Due to limited opportunities, between 1880 and 1910 there was extensive emigration, and around 300,000 Slovenes (i.e. 1 in 6) emigrated to other countries, mostly to the US, but also to South America (the main part to Argentina), Germany, Egypt, and to larger cities in Austria-Hungary, especially Vienna and Graz. The area of the United States with the highest concentration of Slovenian immigrants is Cleveland, Ohio. The other locations in the United States where many Slovenians settled were areas with substantial industrial and mining activities: Pittsburgh, Chicago, Pueblo, Butte, northern Minnesota, and the Salt Lake Valley. The men were important as workers in the mining industry, because of some of the skills they brought from Slovenia. Despite this, the Slovene population increased significantly. Literacy was exceptionally high, at 80–90%.
The 19th century also saw a revival of culture in the Slovene language, accompanied by a Romantic nationalist quest for cultural and political autonomy. The idea of a United Slovenia, first advanced during the revolutions of 1848, became the common platform of most Slovenian parties and political movements in Austria-Hungary. During the same period, Yugoslavism, an ideology stressing the unity of all South Slavic peoples, spread as a reaction to Pan-German nationalism and Italian irredentism.
World War I
World War I brought heavy casualties to Slovenes, particularly the twelve Battles of the Isonzo, which took place in present-day Slovenia's western border area with Italy. Hundreds of thousands of Slovene conscripts were drafted into the Austro-Hungarian Army, and over 30,000 of them died. Hundreds of thousands of Slovenes from Gorizia and Gradisca were resettled in refugee camps in Italy and Austria. While the refugees in Austria received decent treatment, the Slovene refugees in Italian camps were treated as state enemies, and several thousand died of malnutrition and diseases between 1915 and 1918. Entire areas of the Slovene Littoral were destroyed.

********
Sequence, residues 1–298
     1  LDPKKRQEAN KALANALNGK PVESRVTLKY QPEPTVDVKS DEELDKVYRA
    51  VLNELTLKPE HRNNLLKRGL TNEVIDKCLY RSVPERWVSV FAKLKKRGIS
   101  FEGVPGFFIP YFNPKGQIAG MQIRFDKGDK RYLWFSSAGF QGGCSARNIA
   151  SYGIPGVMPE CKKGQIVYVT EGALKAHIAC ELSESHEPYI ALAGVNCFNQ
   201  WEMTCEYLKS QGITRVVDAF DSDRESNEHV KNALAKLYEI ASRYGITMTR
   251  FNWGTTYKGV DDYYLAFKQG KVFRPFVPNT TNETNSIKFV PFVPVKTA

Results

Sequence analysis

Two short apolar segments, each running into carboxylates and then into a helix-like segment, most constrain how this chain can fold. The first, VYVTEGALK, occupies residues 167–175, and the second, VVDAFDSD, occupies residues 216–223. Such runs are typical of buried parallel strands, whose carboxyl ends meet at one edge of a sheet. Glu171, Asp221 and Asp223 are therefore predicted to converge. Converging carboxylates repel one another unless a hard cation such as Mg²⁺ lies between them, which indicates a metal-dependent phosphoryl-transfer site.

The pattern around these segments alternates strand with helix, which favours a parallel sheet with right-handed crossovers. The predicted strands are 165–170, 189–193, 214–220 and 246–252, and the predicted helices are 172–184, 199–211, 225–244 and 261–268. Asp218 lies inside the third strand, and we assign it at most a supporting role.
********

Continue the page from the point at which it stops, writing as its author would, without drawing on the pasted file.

The Treaty of Rapallo of 1920 left approximately 327,000 out of the total population of 1.3 million Slovenes in Italy. After the fascists took power in Italy, they were subjected to a policy of violent Fascist Italianization. This caused the mass emigration of Slovenes, especially the middle class, from the Slovenian Littoral and Trieste to Yugoslavia and South America. Those who remained organized several connected networks of both passive and armed resistance. The best known was the militant anti-fascist organization TIGR, formed in 1927 in order to fight Fascist oppression of the Slovene and Croat populations in the Julian March.
Kingdom of Serbs, Croats, and Slovenes (later the Kingdom of Yugoslavia)
The proclamation of the State of Slovenes, Croats and Serbs at Congress Square
in Ljubljana on 20 October 1918
The Slovene People's Party launched a movement for self-determination, demanding the creation of a semi-independent South Slavic state under Habsburg rule. The proposal was picked up by most Slovene parties, and a mass mobilization of Slovene civil society, known as the
Declaration Movement, followed. This demand was rejected by the Austrian political elites; but following the dissolution of the Austro-Hungarian Empire in the aftermath of the First World War, the National Council of Slovenes, Croats and Serbs took power in Zagreb on 6 October 1918. On 29 October, independence was declared by a national gathering in Ljubljana, and by the Croatian parliament, declaring the establishment of the new State of Slovenes, Croats, and Serbs.